And the narrations state that when the marriage took place between Imam Ali (a.s) and Lady Fatima (a.s), they came to an agreement regarding sharing of responsibilities.
Very broadly speaking, Imam Ali (a.s) proposed that he will take care of all the duties outside the home and Lady Fatima (a.s) agreed to take care of all the duties inside the home.
This agreement made Lady Fatima (a.s), who is the Leader of the Women of the Worlds, very pleased.
Because it was aligned to the purpose of our life to have active involvement in your primary function.
Of course women are allowed to perform external duties and go out to work and so on but it does not absolve her of her primary function inside the household.
What did this arrangement achieve?
It ensured that the beauty of a woman, who is the manifestation of the Jamal or Beauty of Almighty Allah, primarily serves the family unit from the inside…and is not primarily used to serve outsiders like is the case in the world we live in!
HIJAB AS A UNIVERSAL STANDARD OF MANIFESTING MORALITY
One of the philosophical issues promoted by materialists is the idea that morality is something that is relative and is determined by historical context and the society you live in.
This idea basically means that nothing is universal and can change if we simply change our outlook.
However, a review of the standards followed by those who believe in a Divine world view shows that Hijab in a principle sense as it relates to the covering of a woman was practised by all the major religions and that glimpses of that practise is still very evident in the lives of religious Jews and Christians.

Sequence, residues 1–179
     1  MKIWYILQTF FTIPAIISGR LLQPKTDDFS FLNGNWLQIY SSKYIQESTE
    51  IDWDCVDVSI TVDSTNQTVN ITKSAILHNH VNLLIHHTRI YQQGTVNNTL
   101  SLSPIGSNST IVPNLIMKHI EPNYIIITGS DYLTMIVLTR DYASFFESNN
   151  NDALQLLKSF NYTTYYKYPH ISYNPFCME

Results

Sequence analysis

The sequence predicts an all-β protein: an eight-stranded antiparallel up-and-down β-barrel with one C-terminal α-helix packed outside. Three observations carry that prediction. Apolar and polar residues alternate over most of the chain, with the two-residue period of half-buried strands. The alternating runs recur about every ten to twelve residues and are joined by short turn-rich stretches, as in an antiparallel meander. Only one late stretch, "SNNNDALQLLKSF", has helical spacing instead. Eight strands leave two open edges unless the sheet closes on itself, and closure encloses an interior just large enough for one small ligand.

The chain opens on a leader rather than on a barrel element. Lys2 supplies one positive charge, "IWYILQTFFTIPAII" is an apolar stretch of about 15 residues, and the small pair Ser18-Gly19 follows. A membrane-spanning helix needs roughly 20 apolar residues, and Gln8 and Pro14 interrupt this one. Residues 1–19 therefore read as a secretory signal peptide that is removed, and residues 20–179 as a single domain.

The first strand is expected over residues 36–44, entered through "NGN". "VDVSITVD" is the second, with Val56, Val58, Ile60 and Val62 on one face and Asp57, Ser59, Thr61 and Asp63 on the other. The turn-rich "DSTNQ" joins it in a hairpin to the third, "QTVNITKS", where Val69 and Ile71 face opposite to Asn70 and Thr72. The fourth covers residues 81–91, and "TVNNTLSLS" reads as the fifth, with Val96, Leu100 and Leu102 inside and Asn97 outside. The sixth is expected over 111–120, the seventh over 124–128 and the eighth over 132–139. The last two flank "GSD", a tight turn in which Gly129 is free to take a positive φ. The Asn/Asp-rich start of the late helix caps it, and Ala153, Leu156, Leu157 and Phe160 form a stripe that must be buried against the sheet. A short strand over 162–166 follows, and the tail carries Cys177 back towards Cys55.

Furthermore, from an Islamic perspective we find that the Quran’s reference to Hijab is not in the form of something new, but it’s in the form of perfecting their existing practise and upholding of the Institution of Hijab.
Thus by way of example we read in Surah Ahzab Verse 59:
يَآ أَيُّهَا الْنَّبِيُّ قُلْ لاَزْوَاجِكَ وَبَنَاتِكَ وَنِسَآءِ الْمُؤْمِنِينَ يُدْنِينَ عَلَيْهِنَّ مِن جَلاَبِيبِهِنَّ ذَلِكَ أَدْنَي أَن يُعْرَفْنَ فَلاَ يُؤْذَيْنَ وَكَانَ اللَّهُ غَفُوراً رَّحِيماً
“O’ Prophet! Say to your wives and your daughters and the women of the believers that they draw their veils close to them…”
Here it’s quite obvious that the women were already wearing a veil…this verse simply perfected how they should wear it.
And we find similar examples within the Ahadith wherein the Prophet (sawa) rectifies the Hijab which women were already wearing.
So Hijab in the form of how you dress has been around forever due to its relation to a universal standard of morality.
HIJAB IN HUMAN INTERACTION
Then on another level Hijab is institutionalised in terms of human interaction, particularly interaction between non-Mahram men and women.
So we are required to regulate and control the use of one of Allah’s great gifts to human beings, being the ability to see.